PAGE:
Mac.Robertson Girls High School and Melbourne High School – both selective entry government schools – filled out the top five with median scores of 37.
Girls’ schools from Melbourne’s high-fee private school belt in the south-eastern suburbs took out the next seven spots in the rankings: Beth Rivkah; Loreto Mandeville Hall; Haileybury Girls; Strathcona; MLC; PLC and Ruyton.
Bialik principal Jeremy Stowe-Lindner said his students had risen to the challenge of an unprecedented year, supported each other and got on with it.
“They saw that success in year 12 was not just about themselves, but about community,” he said.
“They have reaped the rewards of a breadth of experience: the highest achieving kids don’t lock themselves away in a room, they work hard and they play hard and they get involved in things and they help others.”
It is the third time in the past five years that Bialik has topped the rankings. It pipped second-placed Mount Scopus – also a Jewish coeducational prep-year 12 school – by a tiny margin.
Mount Scopus principal Rabbi James Kennard said the students had shown profound resilience and determination this year.
“Transitioning back and forth from in-person to online learning whilst maintaining motivation for studies was exceptionally demanding for our students,” Rabbi Kennard said.
“We are therefore prouder than ever of their achievements and we thank their teachers for their endless support and commitment.”
Loreto Mandeville Hall in Toorak was the best performing Catholic school in the state, with a median of 36 and 29.3 per cent of study scores at 40 or better.
St Kevin’s College was the best performing Catholic boys’ school, its VCE students shrugging off a difficult year to achieve a median study score of 35 and with 25.9 per cent of study scores at 40 or more, placing the school 20th in the state rankings.
Among local entry state schools, two regional schools far from Melbourne achieved the best results: East Loddon P-12 College in Dingee, which had just 17 VCE students this year, and Tyrrell College in Sea Lake, which had 25 students. Both achieved median study scores of 34.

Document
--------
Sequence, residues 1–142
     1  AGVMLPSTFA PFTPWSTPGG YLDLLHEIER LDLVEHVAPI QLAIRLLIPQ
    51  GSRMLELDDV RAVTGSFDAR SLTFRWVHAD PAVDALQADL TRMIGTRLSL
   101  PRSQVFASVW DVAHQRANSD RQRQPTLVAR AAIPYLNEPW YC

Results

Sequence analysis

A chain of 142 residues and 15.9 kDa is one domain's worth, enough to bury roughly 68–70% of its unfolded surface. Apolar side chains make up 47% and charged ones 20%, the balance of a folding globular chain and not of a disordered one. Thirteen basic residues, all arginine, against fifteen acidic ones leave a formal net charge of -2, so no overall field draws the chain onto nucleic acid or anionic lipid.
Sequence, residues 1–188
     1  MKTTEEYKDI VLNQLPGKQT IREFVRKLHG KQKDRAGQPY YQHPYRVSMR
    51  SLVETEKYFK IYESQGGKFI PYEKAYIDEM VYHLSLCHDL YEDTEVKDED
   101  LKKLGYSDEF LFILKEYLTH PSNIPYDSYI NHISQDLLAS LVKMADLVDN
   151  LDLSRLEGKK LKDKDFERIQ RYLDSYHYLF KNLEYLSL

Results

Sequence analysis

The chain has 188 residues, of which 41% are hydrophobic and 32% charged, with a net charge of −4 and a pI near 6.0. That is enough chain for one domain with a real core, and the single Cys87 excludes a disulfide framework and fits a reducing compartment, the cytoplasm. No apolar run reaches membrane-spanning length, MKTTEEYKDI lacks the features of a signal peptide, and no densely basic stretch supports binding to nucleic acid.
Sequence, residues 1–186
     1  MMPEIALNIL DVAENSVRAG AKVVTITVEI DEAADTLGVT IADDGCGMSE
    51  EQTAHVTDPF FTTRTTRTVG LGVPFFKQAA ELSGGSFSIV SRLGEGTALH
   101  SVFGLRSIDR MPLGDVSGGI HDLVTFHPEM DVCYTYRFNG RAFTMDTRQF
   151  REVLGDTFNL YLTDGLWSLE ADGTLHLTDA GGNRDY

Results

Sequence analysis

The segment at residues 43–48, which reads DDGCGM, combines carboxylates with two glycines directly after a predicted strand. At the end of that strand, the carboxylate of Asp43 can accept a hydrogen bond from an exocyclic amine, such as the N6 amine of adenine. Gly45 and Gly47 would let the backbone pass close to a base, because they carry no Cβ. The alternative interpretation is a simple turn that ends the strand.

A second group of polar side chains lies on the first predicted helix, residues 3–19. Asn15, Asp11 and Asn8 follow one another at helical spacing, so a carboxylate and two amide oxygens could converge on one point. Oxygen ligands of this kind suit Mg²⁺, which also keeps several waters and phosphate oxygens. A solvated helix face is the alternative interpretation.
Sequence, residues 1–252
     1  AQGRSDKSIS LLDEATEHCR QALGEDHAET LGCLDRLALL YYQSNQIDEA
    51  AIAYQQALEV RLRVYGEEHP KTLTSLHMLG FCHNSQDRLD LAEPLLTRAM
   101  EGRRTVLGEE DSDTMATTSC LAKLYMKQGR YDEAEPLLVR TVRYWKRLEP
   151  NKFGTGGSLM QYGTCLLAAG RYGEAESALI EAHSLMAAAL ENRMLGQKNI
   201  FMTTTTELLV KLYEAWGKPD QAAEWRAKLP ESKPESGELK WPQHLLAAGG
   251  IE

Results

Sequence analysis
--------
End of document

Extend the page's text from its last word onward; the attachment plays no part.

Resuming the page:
Balwyn High School, McKinnon Secondary College, Melbourne Girls College and Narre Warren South P-12 College were among the highest ranked local entry state schools, with median study scores of 33.
Balwyn High also had among its cohort one of just six girls who received a perfect ATAR of 99.95, out of 38 students statewide.
Chuting Tang, an international student, checked her results on Wednesday morning from her home in China, having returned there after completing her VCE at Balwyn High.
“It was so exciting to see the 99.95 on my screen,” she said. “I want to tell future VCE students that as long as you try your best with constant effort, nothing is impossible.”
VCE subjects are marked out of 50 and a score of 40 puts a student in the top 9 per cent in the state. Thirty is the mean score.
The median study score is a good measure of typical student achievement. A school with a high median typically has a large proportion of high-achieving students.
How school rankings have changed over time
The interactive below tracks how this year’s top schools have ranked over the past five years.
The rankings are based on the school’s median study score followed by its percentage of study scores of 40 or above, the two main metrics on school performance that are publicly released each year by the Victorian Curriculum and Assessment Authority.
The animation may have started, so to view it from the start select ‘Replay’ to see how the rankings have changed over this time.
“Rank in Victoria” shows how each school ranked based on median study scores and percentage of study scores of 40 and above relative to every school in the state.
If you click “Rank among group” you can see how each school ranks relative to this year’s 16 top schools.
Hover your cursor or tap on a school to highlight its changing rank over time.
Due to the way Victorian school performance data in VCE is presented, school rankings can be volatile and tend to vary year on year depending largely on the median study score schools obtain.
The median study score for small schools, in particular, can vary greatly, so for this reason small schools have been excluded from this rankings interactive.
On average three schools per year tie for the highest median study score (for example, 38). Then there are six schools on average that get a median score one below that (i.e. a median score of 37), followed by an average of 12 for the next level, and then 15 the level below that.
That means there are usually a handful of standout schools in the top five, followed by a cluster of high-performing schools that fill out the rest of the top 30 rankings.
There are about five schools that consistently rank in the top 10, but which might rank fourth one year and then ninth the next, for example. There are also about 20 schools that consistently rank somewhere between 5th and 30th each year
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Adam Carey is Education Editor. He joined The Age in 2007 and has previously covered state politics, transport, general news, the arts and food.
Craig Butt joined The Age in 2011 and specialises in data-driven journalism.